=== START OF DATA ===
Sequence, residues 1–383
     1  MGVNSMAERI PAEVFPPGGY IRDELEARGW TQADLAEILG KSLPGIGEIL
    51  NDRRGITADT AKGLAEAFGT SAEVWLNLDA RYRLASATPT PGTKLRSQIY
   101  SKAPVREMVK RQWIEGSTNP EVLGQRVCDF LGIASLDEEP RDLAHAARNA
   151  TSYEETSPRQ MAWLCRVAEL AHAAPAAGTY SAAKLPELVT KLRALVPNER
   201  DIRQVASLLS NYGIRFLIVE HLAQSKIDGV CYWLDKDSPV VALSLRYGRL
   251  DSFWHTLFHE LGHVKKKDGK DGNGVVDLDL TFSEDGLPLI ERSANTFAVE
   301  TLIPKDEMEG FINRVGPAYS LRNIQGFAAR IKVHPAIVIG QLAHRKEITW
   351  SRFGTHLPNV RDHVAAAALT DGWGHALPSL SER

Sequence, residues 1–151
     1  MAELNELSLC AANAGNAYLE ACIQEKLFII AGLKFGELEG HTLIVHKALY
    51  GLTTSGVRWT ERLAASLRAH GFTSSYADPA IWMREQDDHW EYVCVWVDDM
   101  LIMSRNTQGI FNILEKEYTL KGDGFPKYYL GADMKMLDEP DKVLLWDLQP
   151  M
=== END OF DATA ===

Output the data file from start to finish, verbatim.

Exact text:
Sequence, residues 1–383
     1  MGVNSMAERI PAEVFPPGGY IRDELEARGW TQADLAEILG KSLPGIGEIL
    51  NDRRGITADT AKGLAEAFGT SAEVWLNLDA RYRLASATPT PGTKLRSQIY
   101  SKAPVREMVK RQWIEGSTNP EVLGQRVCDF LGIASLDEEP RDLAHAARNA
   151  TSYEETSPRQ MAWLCRVAEL AHAAPAAGTY SAAKLPELVT KLRALVPNER
   201  DIRQVASLLS NYGIRFLIVE HLAQSKIDGV CYWLDKDSPV VALSLRYGRL
   251  DSFWHTLFHE LGHVKKKDGK DGNGVVDLDL TFSEDGLPLI ERSANTFAVE
   301  TLIPKDEMEG FINRVGPAYS LRNIQGFAAR IKVHPAIVIG QLAHRKEITW
   351  SRFGTHLPNV RDHVAAAALT DGWGHALPSL SER

Sequence, residues 1–151
     1  MAELNELSLC AANAGNAYLE ACIQEKLFII AGLKFGELEG HTLIVHKALY
    51  GLTTSGVRWT ERLAASLRAH GFTSSYADPA IWMREQDDHW EYVCVWVDDM
   101  LIMSRNTQGI FNILEKEYTL KGDGFPKYYL GADMKMLDEP DKVLLWDLQP
   151  M